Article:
Mature Quickly and Die Sooner

As early as the 1940’s, research has demonstrated again and again that the rodents that matured and grew the quickest would die earlier than those that matured and grew the slowest . But does this only apply to rats?

Other species of animal were also tested repeatedly with the same results: the faster an animal grew and matured, the younger it died 1 .

Rats! Humans too?

And it probably comes as no surprise that this is now an established fact in humans as well.

Early puberty (in boys and girls) increases our risk of certain cancers, especially breast and prostate cancer 2 .

We’ve already looked at the multi-generational impact that high animal protein intake can have on species including humans 3 – where not only is it statistically likely that it will shorten the lifespan of the individual eating the excess quantity of animal protein, but their offspring and the offspring of their offspring will also experience shorter lifespans.

But the idea that hitting puberty earlier means that we are likely to die earlier is probably not something that most of us realise. In the 1840’s, the average age at which girls reached menarche 4 (the first occurrence of menstruation) was about 17 5 .  In 1920, it was 14.6; in 1950, 13.1; 1980, 12.5; and in 2010, it had dropped to 10.5. Similar sets of puberty figures have been reported for boys, albeit with a delay of around a year 6 7 .

Reduce calorie intake to live longer

It’s been proven that restricting the calories an animal can eat, either by underfeeding it or periodically fasting it, it’s possible to significantly prolong its life.

In fact, periodically fasting animals can double their natural life span 8 9 . Whilst we are not likely to double human life by this means, the evidence is strong that reducing the consumption of animal protein and caloric intake is likely to add years to your life, as can be seen from the largely plant-eating populations which are known to have the longest and healthiest lives – often referred to as the ‘blue zones’ 10 11 12 .

 

The above chart 13 shows the sort of diet that helps Chinese centenarians to live long and healthy lives.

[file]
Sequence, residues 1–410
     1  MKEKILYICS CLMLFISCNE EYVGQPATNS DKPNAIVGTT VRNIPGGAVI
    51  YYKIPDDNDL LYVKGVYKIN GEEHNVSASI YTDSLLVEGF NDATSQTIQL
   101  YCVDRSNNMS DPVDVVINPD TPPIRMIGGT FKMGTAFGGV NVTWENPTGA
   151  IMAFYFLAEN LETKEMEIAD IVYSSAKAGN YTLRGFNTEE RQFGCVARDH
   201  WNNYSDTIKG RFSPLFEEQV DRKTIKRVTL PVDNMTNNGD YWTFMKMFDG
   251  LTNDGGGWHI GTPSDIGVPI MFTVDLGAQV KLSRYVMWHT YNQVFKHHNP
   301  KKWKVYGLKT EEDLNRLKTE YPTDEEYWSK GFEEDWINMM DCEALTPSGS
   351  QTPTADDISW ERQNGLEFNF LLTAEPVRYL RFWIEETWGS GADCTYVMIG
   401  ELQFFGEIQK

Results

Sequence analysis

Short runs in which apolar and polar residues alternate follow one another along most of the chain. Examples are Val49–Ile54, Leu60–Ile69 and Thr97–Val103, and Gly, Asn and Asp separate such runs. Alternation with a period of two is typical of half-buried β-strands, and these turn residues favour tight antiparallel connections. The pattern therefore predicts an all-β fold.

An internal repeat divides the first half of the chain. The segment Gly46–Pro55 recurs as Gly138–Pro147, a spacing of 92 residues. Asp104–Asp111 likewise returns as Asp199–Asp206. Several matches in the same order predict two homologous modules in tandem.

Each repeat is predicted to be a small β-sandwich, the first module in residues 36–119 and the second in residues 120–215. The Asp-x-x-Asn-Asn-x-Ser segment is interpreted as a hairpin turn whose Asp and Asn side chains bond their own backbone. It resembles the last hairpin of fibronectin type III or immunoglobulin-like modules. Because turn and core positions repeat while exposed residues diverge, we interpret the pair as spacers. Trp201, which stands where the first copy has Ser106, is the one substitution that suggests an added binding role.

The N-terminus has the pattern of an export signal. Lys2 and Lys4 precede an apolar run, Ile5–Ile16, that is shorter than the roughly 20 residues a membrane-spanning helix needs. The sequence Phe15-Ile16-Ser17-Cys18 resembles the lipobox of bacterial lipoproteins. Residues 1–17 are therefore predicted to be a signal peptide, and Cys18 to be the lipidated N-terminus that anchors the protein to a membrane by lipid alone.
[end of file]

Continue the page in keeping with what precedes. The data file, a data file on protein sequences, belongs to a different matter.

The above chart 14 should be a wake-up call to us us who live in the UK and USA (position 20 and 31 respectively) – financially rich countries with diets that are robbing most of their citizens of years of healthy life.

Does fasting extend human lifespan?

A 2017 Harvard study 15 16  concluded that intermittent fasting can play a significant role in extending one’s lifespan. Other studies 17 came to the same conclusion.

This is aside from all the other amazing benefits of water fasting (such as clearing up chronic diseases like obesity, diabetes, ulcerative colitis, Crohn’s, psoriasis, heart disease and cancer), as explained by Drs Michael Klaper 18 , Alan Goldhamer 19 and Joel Fuhrman 20 – a topic that I will cover in more depth shortly.

Final thought

The simple rule of thumb is that what’s best for human longevity is the same thing that’s best for human health in general – lower calories and higher nutrients. This is easily achieved through eating a varied and balanced wholefood plant-based diet.


References

  1. Saxton JA. Nutrition and growth and their influence on longevity in rats. Biological Symposium 1943;11:177. Referenced in The position of fundamental age studies www.ahjonline.com/article/0002-8703(61)90394-5/pdf. []
  2. Staszewski J. Age at menarche and breast cancer. Journal of the National Cancer Institute 1971;47:935. []
  3. Our Grandchildren Suffer From Our Meat Consumption []
  4. Wikipedia: Menarche []
  5. Beaton G. Practical Population Indicators of Health and Nutrition. World Health Organization monograph, 1976;62:500. []
  6. Why is puberty starting younger? The Guardian, Mon 4 Nov 2013. []
  7. Pediatrics. 2013 Dec;132(6):1125-6. doi: 10.1542/peds.2013-3058. Epub 2013 Nov 4. The enigmatic pursuit of puberty in girls. Herman-Giddens ME. []
  8. Masoro EJ, Shimokawa I, Yu BP. Retardation of the aging process in rats by food restriction. Annals of the New York. []
  9. Goodrick CL, Ingram DK, Reynolds MA, Freeman JR, Cider NL. Effects of intermittent feeding upon growth, activity and lifespan in rats allowed voluntary exercise. Experimental Aging Research 1983;9:1477–94. []
  10. The Blue Zones, Second Edition: 9 Lessons for Living Longer From the People Who’ve Lived the Longest by Dan Buettner. []
  11. Chen J, Campbell TC, Li J, Peto R. A Study of Diet Nutrition and Disease in the People’s Republic of China. University of Oxford Press, Cornell University Press, China Publishing House, 1988. []
  12. Diet, nutrition and cancer: Executive summary. Cancer Research 1983;43:3020. []
  13. Diet of Chinese Centenarians. []
  14. List of countries by life expectancy []
  15. The Harvard Gazette: In pursuit of healthy aging []
  16. Cell Metab. 2017 Dec 5;26(6):884-896.e5. doi: 10.1016/j.cmet.2017.09.024. Epub 2017 Oct 26. Dietary Restriction and AMPK Increase Lifespan via Mitochondrial Network and Peroxisome Remodeling. Weir HJ, Yao P, Huynh FK, Escoubas CC, Goncalves RL, Burkewitz K, Laboy R, Hirschey MD, Mair WB. []
  17. Scientific American: How Intermittent Fasting Might Help You Live a Longer and Healthier Life. David Stipp. January 1, 2013. []
  18. Dr Michael Klaper fasting video: Fasting: Safe & Effective Use of an Ancient Healing Therapy. []
  19. Dr Douglas Lisle and Dr Alan Goldhamer: Pleasure Trap, the: Mastering the Hidden Force that Undermines Health and Happiness. []
  20. Dr Joel Fuhrman: Fasting and Eating for Health: A Medical Doctor’s Program For Conquering Disease. []